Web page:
Uncovering and Reducing Hidden Co2 Emissions (10 Actions)

Uncovering and Reducing Hidden Co2 Emissions (10 Actions)

It is everywhere we look, part of our everyday lives – but we don’t see it. It is so pervasive we don’t even notice it is there, but we would flounder without it. I know for sure that you personally have used it today.

Turn around, and it is there.

It is at the centre of our personal lives. Without it businesses could not exist, and economies would fail. It represents a $9Tn market.  If it was a country it would be third largest in the world after the United States and China. And today it represents about 4% of global CO2 emissions.

The “it” in this case is of course IT – Information Technology. IT is behind the device you are using right now to read this blog, and powering the data centre that runs this website.  But here’s the thing: –

Even though IT is so central to businesses, and such a large source of global emissions, only 18% of enterprises have a Sustainable IT strategy.  That is fewer than 1 in 5. I know you did not need the lesson in arithmetic – but it is a remarkable statistic.  

The good news is that there are many opportunities to save emissions, reduce organisational risk, and save money through Sustainable IT.

According to a recent Cap Gemini report, organisations that have scaled up their sustainable IT use have achieved on average a 12% cost reduction and a 13% improvement in customer/client satisfaction. Implementing one of the most basic Sustainable IT practices – implementing auto switch-off of hardware/features, can alone deliver up to 14% in operational cost savings from energy reduction, while also reducing carbon emissions.

But it goes beyond emissions in your company.  Sustainable IT includes the whole value chain, the reduction in that elusive Scope 3 measure, the economic savings through the implementation of circular economy principles and cutting down on waste. It can strengthen your business with better supplier relations and stronger risk management and corporate governance.  What CIO doesn’t want that?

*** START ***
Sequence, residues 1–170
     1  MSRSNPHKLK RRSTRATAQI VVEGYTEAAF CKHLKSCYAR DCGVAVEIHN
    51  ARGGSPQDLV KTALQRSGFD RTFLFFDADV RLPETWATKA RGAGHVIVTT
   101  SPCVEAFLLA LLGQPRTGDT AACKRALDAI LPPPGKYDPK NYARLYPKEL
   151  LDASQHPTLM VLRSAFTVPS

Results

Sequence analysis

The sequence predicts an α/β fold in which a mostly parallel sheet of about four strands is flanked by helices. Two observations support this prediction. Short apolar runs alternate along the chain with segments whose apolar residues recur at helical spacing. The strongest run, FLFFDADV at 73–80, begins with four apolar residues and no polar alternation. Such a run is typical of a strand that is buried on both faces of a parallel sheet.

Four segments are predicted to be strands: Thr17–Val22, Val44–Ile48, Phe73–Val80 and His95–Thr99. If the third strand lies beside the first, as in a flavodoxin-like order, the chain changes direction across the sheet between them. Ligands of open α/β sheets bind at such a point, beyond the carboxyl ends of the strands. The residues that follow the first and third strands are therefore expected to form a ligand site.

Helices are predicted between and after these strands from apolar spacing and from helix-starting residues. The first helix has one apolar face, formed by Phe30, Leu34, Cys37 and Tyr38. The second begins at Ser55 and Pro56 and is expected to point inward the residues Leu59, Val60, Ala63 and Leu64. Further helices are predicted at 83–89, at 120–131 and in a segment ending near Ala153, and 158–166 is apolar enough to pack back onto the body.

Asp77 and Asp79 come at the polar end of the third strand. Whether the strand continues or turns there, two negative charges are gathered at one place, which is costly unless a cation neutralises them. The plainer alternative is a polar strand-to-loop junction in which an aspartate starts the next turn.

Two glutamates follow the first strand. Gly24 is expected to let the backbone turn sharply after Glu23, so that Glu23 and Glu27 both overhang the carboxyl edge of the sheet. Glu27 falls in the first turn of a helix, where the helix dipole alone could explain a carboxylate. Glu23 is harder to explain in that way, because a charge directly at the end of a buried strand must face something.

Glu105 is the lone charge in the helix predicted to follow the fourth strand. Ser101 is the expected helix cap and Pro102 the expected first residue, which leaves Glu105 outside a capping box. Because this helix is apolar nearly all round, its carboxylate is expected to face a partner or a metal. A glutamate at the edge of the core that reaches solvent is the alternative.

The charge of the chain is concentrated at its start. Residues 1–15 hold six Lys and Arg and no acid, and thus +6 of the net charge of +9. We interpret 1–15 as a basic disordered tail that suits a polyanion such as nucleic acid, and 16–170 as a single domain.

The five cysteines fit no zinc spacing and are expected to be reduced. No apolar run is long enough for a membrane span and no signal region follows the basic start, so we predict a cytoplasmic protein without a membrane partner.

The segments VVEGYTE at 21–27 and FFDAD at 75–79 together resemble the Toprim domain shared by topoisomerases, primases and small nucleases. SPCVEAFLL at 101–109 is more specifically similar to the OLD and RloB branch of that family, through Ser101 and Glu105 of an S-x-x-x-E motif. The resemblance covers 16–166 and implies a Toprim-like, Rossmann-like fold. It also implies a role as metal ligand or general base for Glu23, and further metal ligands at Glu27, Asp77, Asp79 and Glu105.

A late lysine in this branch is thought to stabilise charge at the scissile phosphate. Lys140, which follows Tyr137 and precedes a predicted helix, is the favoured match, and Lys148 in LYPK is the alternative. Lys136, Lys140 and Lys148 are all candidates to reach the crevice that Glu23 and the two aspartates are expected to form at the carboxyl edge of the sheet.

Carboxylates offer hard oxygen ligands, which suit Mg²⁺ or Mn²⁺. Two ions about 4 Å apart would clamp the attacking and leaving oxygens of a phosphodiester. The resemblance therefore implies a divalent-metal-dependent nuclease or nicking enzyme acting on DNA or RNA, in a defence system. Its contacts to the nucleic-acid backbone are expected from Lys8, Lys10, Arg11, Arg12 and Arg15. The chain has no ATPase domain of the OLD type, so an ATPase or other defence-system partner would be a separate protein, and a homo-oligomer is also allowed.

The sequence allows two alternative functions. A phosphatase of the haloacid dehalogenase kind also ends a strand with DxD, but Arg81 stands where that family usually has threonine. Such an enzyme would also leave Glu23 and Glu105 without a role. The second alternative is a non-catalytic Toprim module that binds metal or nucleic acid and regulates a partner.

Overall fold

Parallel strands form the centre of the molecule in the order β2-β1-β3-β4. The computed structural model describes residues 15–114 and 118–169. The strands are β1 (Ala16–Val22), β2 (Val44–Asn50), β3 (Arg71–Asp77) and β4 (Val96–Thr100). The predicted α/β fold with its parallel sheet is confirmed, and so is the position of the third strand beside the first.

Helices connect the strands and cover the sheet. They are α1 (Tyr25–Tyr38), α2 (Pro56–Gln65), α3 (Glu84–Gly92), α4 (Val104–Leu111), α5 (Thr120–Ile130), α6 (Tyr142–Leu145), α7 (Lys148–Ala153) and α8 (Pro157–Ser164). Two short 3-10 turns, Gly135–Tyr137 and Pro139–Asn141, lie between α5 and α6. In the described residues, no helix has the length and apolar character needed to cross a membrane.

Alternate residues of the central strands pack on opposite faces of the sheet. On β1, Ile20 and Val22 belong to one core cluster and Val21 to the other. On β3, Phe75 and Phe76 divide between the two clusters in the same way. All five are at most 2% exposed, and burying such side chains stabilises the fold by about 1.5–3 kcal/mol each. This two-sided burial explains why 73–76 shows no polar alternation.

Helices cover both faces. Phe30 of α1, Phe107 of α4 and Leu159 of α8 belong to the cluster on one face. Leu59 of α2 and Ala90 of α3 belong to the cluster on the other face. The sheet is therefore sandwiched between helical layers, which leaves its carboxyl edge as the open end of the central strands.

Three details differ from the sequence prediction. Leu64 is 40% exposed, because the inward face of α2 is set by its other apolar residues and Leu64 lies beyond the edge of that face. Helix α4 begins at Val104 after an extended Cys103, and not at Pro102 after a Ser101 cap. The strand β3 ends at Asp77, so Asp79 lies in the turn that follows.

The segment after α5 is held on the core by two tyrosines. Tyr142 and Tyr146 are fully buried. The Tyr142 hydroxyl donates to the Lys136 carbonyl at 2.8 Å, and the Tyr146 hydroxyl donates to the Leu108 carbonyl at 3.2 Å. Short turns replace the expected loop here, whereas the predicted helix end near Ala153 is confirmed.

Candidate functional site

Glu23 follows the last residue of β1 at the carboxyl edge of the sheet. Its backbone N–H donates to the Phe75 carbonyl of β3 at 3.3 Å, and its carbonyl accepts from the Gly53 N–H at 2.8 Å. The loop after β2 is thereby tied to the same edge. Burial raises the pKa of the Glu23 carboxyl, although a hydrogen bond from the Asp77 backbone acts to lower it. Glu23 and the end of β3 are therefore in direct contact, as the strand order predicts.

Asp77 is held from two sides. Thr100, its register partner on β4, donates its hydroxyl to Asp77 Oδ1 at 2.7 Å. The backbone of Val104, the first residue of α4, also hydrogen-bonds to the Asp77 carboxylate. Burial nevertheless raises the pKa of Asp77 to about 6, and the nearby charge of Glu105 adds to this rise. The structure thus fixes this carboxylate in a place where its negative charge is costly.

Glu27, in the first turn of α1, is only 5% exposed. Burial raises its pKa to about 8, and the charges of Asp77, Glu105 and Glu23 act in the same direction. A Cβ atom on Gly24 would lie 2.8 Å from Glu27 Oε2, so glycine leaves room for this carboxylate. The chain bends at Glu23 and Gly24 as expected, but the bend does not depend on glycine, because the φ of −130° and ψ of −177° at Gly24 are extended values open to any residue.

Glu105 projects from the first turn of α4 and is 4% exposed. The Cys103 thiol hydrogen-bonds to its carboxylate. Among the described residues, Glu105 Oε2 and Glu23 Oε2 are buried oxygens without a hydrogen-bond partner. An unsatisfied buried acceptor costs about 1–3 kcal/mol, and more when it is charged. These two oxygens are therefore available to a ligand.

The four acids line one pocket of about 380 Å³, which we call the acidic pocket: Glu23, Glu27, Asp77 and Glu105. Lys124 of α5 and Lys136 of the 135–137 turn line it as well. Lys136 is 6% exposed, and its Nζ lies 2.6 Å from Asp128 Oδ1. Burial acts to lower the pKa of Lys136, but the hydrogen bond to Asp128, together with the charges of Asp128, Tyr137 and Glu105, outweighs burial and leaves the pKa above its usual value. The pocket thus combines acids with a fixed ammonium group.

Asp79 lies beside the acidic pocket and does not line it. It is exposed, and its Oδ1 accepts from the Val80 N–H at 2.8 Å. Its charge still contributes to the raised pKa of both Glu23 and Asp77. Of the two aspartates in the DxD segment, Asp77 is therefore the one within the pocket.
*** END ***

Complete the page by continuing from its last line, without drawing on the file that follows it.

The Future Planet roadmap for Sustainable IT suggests that you should consider 5 complementary journeys.

  1. Energy & GHG Scope 1,2 Emissions
  2. GHG Scope 3 Emissions Management
  3. Circular & Waste Management
  4. Sustainable IT Procurement
  5. Risk & Governance

I will return to each of these journeys in separate dedicated blog posts, but here are a few statistics worth considering, and thinking about how they might apply in your business.

  • Enterprise IT represents 8.4% of global CO2 emissions
  • By 2025, data centres will consume 20% of the world’s power supply (IEA)
  • 5B cellphones will become e-waste this year (WEF)
  • Management of third party spend can release savings of between 7-12%. (PwC)
  • 50,000 companies in the EU have to comply with new ESG legislation

So, what do you do next or first?  Of course that depends on the maturity of the IT organisation in the context of sustainability.  There are 4-stages of maturity: Identify, Operate, Embed and Lead.

Your maturity level will help you determine where to start on the 10 actions here that can guide to you improve the tactical and strategic impact of the IT organisation.

  1. Align Sustainable IT strategy to business strategy via Materiality Assessment
  2. Start S-IT awareness / education program including leadership
  3. Assess the environmental / societal impact of IT
  4. Establish lifecycle carbon footprint accounting for all hardware
  5. Implement Waste / Circular optimisation program
  6. Establish disclosure and sustainability reporting for IT operations
  7. Publish your objectives, initiatives and outcomes
  8. Implement core sustainable procurement practices
  9. Mandate sustainability disclosure for IT vendors
  10. Advocate circular economy principles for vendors

When you have figured this out you might consider that Sustainable IT might be a little more strategic for the CIO who is as a true part of the Chief Sustainability Officer.   It might not be restricted only to IT Sustainability per se and might serve as a sustainability leader for the business and the whole value chain.  No point in keeping the kitchen clean, if you don’t serve any meals. Just food for thought. 🙂